Certain of our license arrangements provide for additional non-refundable license fees to be paid to us upon the achievement of milestones. We recognize such additional license fees as revenue when the amounts become due and payable.
In addition to the initial fee, our arrangements generally provide that the licensees make semi-annual or annual payments (license maintenance fees) to maintain the license for a subsequent term. Generally, licensees may terminate the license and related maintenance fees upon 30 days to 90 days notice. We recognize annual and semi-annual non-refundable license maintenance fees as revenues when the amounts become fixed and payable. The aggregate of annual or semi-annual license maintenance fees paid generally will reduce any royalty payments which may be due based on future product sales of the licensee, if any, under the license agreement. Although we have not received royalty payments from our licensees to date, we will recognize royalties as revenue when they become fixed and payable, to the extent we receive such royalties in the future.
We also earn revenues from government grants received from the Dutch government and the European Union. We expect to continue to generate revenues from such government grants in the future. We have also filed grant proposals and expect to generate additional revenues from grants from non-governmental, semi-governmental and governmental bodies in the United States. Grants generally take the form of reimbursements for specific expenses incurred in connection with approved scientific research activities. We intend to continue to apply for available public grants and non-governmental organization support in the future, though the timing and amount of any grant revenues are uncertain. We recognize revenues from grants when we incur the related expenses and collectibility of the grant is probable.
We also intend to generate revenues in the future from the commercial distribution of biopharmaceutical products we are working to develop using our core technologies. We intend to market any such products through collaborations or strategic alliances with third parties, particularly pharmaceutical and biopharmaceutical companies. The timing and nature of these arrangements will depend on a number of factors, including the products likelihood of clinical success, its stage of development, its commercial potential and the resources and abilities of our prospective partner.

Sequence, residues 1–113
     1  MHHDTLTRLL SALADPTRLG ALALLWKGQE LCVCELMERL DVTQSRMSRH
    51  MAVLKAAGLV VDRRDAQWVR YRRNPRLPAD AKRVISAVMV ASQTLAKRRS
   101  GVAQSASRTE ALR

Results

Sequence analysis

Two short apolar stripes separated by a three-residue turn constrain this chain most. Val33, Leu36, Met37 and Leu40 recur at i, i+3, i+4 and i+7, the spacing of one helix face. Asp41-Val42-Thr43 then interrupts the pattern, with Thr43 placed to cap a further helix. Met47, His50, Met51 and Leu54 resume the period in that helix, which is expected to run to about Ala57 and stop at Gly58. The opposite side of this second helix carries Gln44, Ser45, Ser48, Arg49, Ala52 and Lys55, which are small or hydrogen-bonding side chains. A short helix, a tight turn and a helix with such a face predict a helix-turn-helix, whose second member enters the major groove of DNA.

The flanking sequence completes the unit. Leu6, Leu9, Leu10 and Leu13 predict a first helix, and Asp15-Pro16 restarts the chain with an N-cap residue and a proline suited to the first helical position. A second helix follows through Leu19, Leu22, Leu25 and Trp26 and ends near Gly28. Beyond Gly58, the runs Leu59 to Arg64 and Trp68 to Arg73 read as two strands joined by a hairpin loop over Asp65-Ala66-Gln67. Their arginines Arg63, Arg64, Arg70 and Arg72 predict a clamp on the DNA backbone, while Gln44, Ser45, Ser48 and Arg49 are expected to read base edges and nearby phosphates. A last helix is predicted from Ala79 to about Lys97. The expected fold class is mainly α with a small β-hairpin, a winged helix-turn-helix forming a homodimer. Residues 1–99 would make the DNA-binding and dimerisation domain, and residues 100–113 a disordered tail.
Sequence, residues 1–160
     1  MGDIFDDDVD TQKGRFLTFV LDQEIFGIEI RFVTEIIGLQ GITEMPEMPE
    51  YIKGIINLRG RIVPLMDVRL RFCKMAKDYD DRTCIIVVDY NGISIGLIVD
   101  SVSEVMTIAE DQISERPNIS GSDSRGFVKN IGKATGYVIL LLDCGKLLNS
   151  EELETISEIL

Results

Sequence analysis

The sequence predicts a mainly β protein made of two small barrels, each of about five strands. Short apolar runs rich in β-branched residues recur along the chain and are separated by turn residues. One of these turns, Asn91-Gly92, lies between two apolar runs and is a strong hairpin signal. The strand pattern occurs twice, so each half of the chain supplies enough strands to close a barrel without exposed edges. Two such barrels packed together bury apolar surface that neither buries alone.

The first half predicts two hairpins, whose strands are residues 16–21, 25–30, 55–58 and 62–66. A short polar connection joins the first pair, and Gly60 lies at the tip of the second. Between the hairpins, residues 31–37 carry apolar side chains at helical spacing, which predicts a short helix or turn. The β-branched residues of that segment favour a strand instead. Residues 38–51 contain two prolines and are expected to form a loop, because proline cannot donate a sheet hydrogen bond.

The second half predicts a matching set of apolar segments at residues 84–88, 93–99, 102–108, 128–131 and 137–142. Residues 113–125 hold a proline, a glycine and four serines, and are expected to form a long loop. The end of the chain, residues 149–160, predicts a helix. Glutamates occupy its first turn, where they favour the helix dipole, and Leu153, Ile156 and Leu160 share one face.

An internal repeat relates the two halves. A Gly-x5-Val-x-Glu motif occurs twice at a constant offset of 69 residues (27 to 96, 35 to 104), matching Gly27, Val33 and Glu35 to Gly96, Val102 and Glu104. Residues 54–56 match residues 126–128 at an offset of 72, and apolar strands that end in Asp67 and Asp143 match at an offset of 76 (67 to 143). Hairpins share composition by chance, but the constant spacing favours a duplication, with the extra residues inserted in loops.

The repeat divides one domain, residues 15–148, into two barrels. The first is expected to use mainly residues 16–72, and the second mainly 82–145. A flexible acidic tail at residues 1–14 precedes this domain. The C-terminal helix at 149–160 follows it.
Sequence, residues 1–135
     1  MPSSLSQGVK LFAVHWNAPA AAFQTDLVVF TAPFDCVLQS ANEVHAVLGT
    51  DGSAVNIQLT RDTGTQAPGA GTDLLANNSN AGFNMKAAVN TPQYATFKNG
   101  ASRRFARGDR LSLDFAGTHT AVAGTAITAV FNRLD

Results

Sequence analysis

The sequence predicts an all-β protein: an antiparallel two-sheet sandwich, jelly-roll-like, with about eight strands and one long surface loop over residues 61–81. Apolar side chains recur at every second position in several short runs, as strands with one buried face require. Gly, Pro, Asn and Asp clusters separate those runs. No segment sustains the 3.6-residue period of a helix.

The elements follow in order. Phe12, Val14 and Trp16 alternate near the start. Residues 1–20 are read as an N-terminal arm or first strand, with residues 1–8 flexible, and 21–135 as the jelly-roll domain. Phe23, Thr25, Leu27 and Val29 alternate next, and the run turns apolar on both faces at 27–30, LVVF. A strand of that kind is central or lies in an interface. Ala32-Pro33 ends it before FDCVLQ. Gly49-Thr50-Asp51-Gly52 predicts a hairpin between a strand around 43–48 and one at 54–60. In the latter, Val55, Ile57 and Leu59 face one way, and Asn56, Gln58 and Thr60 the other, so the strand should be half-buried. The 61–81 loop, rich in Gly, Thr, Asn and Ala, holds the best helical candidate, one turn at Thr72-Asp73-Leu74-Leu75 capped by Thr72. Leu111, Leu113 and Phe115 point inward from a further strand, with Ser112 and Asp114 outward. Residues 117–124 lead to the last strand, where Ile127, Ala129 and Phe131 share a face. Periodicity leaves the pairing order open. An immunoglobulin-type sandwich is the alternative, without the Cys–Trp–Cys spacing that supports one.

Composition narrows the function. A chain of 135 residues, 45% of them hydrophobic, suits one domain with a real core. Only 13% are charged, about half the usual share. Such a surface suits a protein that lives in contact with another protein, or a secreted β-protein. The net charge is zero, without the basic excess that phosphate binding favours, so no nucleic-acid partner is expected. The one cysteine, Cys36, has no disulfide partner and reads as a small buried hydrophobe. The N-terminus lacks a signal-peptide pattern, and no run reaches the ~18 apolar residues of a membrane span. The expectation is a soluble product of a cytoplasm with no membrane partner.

We perform tests for impairment of intangible assets whenever events or circumstances suggest the value of such assets may be impaired. At December 31, 2005, our intangible assets consisted entirely of developed technology with a net carrying value of 2,577. To evaluate potential impairment of developed technology, we assess whether the future cash flows related to the asset will be greater than its current carrying value. Accordingly, while our cash flow assumptions are consistent with the plans and estimates
we are using to manage the underlying business, there is significant judgment in determining the cash flows attributable to our developed technology over its estimated useful life. However, a reduction of the projected annual cash flows attributable to our developed technology of up to 50% would still not have resulted in an impairment charge.
We account for stock-based compensation under the fair value method in accordance with Statement of Financial Accounting Standards (SFAS) No. 123 Accounting for Stock-Based Compensation. We generally value stock options issued based upon the Black-Scholes option pricing model, which requires us to make several key judgments including: the expected life of issued stock options, the expected volatility of our stock price, and the expected dividend yield to be realized over the life of the stock option or stock warrant, and recognize this value as an expense over the period in which the options vest.
Compensation cost for share -based awards with performance conditions, which are valued based on the grant-date fair value of the award, are recognized based on the probable outcome of that performance condition. Compensation costs for share -based awards containing a market condition are recognized provided that the requisite service is rendered, regardless of when, if ever, the market condition is satisfied. The effect of a market condition is reflected in the grant-date fair value of an award and the grant-date fair value is calculated using a lattice model.